Illness and injury

When an employee is unable to do their job due to illness or injury, it can be a difficult time both for them and their employer.

Working through the issues

In such circumstances, an employee can feel stressed about being unable to work and worried about what will happen to them financially if they lose their job. 

Similarly, the employer may feel pressured to decide how long to keep the job open, and how to manage the relationship with the employee and the workloads of others.

The law does not require employers to retain an employee who cannot fulfil their role owing to illness or injury. It is up to the employer to work out how long to reasonably keep the role open.

Before deciding, the employer first needs to know how long the employee is likely to be off work and whether they will be able to return to their job. The employer should work in a positive and supportive way with the employee to gather this information.

Employers need to make sure that any investigation into the medical status of an employee is not viewed as a disciplinary action — the employee has not done anything wrong.

Employment agreements provide information on terms and conditions and types of agreements.

Employment agreements

The Employment Agreement Builder has a draft medical retirement clause you can use.

Employment Agreement Builder(external link)

Fair process

Ending an employment relationship

To end an employment relationship, the employer must reasonably believe that the employee can no longer do their job and that it is not reasonable to keep the job open for them. The employer should consider factors including:

  • the terms of the employment agreement
  • the nature and extent of the problem, including how long the employee has already been away from work. Where the incapacity is caused by a health issue, the employer should request appropriate medical advice
  • the employee’s right to refuse to provide the employer with access to their medical information. If an employee is not willing to provide this information, the employer can make a decision based on the information they have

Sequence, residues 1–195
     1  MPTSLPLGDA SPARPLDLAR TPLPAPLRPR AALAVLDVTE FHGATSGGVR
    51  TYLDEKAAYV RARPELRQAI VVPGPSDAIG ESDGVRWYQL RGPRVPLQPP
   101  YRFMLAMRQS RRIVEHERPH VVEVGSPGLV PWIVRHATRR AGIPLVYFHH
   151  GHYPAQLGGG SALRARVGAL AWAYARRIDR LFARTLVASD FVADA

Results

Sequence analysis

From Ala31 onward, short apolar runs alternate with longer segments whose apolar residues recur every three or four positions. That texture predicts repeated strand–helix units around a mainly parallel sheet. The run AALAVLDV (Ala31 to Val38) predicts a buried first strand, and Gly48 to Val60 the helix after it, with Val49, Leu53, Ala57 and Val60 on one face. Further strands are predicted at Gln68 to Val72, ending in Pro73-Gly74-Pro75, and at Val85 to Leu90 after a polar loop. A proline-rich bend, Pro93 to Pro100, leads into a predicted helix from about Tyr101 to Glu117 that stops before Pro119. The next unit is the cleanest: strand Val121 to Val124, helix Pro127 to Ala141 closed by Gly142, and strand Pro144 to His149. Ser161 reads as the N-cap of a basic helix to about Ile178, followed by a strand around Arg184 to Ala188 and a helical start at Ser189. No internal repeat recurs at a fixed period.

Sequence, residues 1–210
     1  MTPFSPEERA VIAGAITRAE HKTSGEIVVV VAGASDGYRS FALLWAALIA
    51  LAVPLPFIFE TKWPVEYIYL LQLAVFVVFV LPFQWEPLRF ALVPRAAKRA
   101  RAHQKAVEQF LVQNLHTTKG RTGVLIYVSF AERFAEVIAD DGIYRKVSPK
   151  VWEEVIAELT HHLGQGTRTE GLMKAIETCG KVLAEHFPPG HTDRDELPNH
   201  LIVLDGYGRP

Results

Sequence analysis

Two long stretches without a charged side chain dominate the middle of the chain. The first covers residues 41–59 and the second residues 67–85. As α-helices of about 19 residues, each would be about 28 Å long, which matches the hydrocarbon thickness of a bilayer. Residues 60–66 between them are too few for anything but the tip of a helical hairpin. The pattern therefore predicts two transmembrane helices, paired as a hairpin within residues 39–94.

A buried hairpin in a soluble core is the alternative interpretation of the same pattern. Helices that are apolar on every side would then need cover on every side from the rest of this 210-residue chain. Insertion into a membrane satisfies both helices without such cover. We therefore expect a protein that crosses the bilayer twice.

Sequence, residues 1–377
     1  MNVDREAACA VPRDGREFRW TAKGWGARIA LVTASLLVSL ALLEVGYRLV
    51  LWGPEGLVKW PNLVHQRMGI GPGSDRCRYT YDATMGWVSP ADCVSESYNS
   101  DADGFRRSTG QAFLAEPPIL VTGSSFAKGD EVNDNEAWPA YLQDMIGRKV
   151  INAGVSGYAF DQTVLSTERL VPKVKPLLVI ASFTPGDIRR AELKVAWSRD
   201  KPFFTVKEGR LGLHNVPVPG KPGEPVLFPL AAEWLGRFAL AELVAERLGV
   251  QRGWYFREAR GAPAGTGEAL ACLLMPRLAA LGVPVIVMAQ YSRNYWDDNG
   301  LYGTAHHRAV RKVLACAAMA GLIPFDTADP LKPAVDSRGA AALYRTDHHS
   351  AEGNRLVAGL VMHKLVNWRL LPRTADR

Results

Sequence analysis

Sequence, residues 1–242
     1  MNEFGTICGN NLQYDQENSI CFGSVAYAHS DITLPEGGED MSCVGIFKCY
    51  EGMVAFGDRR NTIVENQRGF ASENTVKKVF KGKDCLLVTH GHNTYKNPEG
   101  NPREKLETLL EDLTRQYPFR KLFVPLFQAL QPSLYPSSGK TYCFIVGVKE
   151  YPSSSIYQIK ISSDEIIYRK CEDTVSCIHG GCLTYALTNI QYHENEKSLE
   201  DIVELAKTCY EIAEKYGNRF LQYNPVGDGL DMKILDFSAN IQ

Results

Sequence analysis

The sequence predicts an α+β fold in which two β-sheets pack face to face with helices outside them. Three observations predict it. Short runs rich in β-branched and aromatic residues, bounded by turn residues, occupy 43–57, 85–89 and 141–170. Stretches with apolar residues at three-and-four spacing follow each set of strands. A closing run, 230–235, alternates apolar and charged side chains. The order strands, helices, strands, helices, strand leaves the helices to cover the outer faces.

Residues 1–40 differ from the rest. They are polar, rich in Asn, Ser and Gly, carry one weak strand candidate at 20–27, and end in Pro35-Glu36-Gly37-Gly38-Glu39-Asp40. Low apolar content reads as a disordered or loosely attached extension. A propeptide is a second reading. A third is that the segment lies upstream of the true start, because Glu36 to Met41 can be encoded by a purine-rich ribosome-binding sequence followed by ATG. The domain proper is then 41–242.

• the nature of the employment and how important the employee’s role is to the employer’s organisation. The employer should consider:
    • the size of the organisation
    • whether they have been able to manage for long periods without the employee or have had to bring in someone else to do the job
    • what the financial impacts of the employee’s absence are on the organisation
  • the chance of recovery and the likely timeframe for returning to work (which should be based on objective information like a doctor’s report)
  • the employee’s entitlement to paid and unpaid sick leave
  • how long an employee has been employed with the employer
  • steps the employer can take to help with rehabilitation, like providing part-time or light duties
  • how long the employee would have been employed if they had not become injured or unwell
  • whether there are any alternatives to dismissal that are reasonable in the circumstances, for example, part-time or reduced hours, or medical retirement
  • whether the employer is at fault for the employee’s problems in any way — for example, where the employer may have failed to provide a safe workplace.

Once an employer has decided that it is reasonable for the employment relationship to end, they should decide which process to follow. There are 2 options: medical retirement or dismissal due to medical incapacity.

Medical retirement

Medical retirement allows an employee to leave an organisation with dignity. It is different to regular retirement where an employee will not often work again. After medical retirement, the employee may seek a different job that is not limited by the illness or injury.